6 large fresh basil leaves, chopped (optional) - NuVal 100
Grated parmesean cheese to taste - NuVal 20
Cook pasta according to package directions.
While pasta is cooking, heat the olive oil in a large skillet over medium heat. Saute onions for a few minutes and add garlic, halved tomatoes and asparagus. Saute a few more minutes being careful not to burn garlic or it will make the dish bitter. Add shrimp and cook until they are pink. Remove from heat. Toss shrimp and veggie mixture with drained pasta and fresh basil. Top with grated parmesean cheese and serve.
Check out these step-by-step photos – courtesy of Bailey Hollencamp.
And there you have it – Brooke’s Shrimp and Asparagus Pasta! Simple, delicious, healthy…and, I have to say what a show-stopper!
A Vegetarian Giveaway!
This week one lucky reader will win ”the easy way Vegetarian” book. To register, all you need to do is leave a comment below (or click on “comment” at the top of this blog) telling me your child’s interesting, or funny, food story. I’ll select one winner at random on Tuesday, May 21, 2013.
Congratulations to Tara, winner from my last blog – Peek Into Kelly’s…Favorite NuVal Trade-Ups!
Passionate about food and good nutrition, Kelly, a BLEND Program Specialist for CentraCare Health Foundation, is also a mom who wants to set her kids up for a lifetime of good health. The opinions expressed in this blog are the opinions of the writer and not the opinions of NuVal LLC, Coborn’s, Inc., BLEND, and the CentraCare Health Foundation.
CentraCare Health Foundation and lives in St. Cloud with her husband Joe and their three year old daughter Averi. They’re expecting their second blessing this coming August and they have no intentions of stopping.
At 12 years old, I weighed more than the day I gave birth to my first daughter — and trust me, I was big! At 13, our family physician prescribed me diet pills, antidepressants, and sleeping pills. I was clinically obese and, needless to say, quite self conscious. I wore my father’s old T-shirts over my swim suit and pants and sweatshirts in 100+ degree weather. Growing up in Arizona, this was not normal.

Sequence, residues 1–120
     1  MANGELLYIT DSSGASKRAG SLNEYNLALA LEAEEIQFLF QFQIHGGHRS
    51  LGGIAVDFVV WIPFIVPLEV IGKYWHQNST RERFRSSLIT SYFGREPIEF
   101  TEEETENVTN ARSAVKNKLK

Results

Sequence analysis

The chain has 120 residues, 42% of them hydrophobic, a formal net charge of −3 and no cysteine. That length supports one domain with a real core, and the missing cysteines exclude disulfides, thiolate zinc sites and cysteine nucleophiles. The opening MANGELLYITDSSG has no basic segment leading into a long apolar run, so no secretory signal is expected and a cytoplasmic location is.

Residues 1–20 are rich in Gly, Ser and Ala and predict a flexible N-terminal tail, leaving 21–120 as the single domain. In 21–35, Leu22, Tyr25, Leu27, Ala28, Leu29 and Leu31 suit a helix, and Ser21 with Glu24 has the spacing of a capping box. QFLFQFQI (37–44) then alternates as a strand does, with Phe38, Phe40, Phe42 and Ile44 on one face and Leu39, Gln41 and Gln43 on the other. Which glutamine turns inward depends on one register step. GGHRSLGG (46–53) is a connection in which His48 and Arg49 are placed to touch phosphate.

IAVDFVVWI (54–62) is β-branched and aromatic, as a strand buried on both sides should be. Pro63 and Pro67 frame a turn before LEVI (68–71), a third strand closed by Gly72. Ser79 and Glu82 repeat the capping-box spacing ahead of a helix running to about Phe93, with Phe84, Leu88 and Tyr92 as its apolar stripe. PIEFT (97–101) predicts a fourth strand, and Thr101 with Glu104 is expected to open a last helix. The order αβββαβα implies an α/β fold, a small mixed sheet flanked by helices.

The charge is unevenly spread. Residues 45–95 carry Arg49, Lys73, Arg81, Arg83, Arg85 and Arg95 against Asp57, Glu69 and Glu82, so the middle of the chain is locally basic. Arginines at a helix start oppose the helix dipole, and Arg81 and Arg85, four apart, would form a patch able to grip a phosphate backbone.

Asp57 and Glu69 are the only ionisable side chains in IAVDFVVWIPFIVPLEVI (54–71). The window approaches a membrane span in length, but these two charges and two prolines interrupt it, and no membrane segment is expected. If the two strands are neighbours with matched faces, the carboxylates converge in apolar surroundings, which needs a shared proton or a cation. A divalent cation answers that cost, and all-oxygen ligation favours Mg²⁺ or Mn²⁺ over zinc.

Thankfully, at 14, a mentor came into my life that forever changed me — Ms. Miles, my gym teacher. On the first day of class, she stood on a bench in the locker room, sporting her ARMY T-shirt. She sternly announced that to pass the class, we’d be running two to three miles twice per week without exception. Several sets of eyes rolled in the room. Some let out gasps of disbelief. My chubby little chin just quivered. I silently tried to wipe the tears from my round cheeks. I hoped nobody would hear me sniffle.
After everyone shuffled out of the locker room, I admitted that I couldn’t even run a half a mile and that I’d never be able to pass the class. To my surprise, she immediately softened and put her hand on my shoulder. She told me she’d do it with me.
The next day, Ms. Miles wrapped a bandana around her jet black hair and placed a boom-box in the middle of the field. ACDC and Janet Jackson echoed across the track while we walked the straights and ran the curves for eight laps. Her turquoise and silver jewelry chimed as she pumped her fist in the air, telling me I could do it — that I was a champion. Meanwhile, I wheezed and coughed; my shirt was drenched and my thighs chaffed. I kept telling her I was dying, which didn’t seem to concern her in the slightest.
The next class period, I made it one lap without walking. By the end of the second week, I ran my first half mile. After a month, I completed one mile. By the second semester, I joined the track team. The following fall, I joined cross country.
From those first painful steps to my senior year, I lost nearly 60 pounds. I ditched my sweats and baggy jeans for shorts that were just a bit too short in retrospect. More importantly, I was 100 percent chemical free. I earned the “Most Improved Student Award.” I was part of the 1999 Arizona State High School Track and Field championship team, and I received an athletic scholarship to a college on the west coast, which I could have never afforded.
My fitness journey has impacted me in ways that stretch beyond vanity and self image. Knowing that, for the most part, I’m responsible for my health is liberating. It bleeds into all areas of my life—finances, relationships, lifelong aspirations…what a gift. I’m so grateful for my mentor and for programs like BLEND that continue to empower our youth.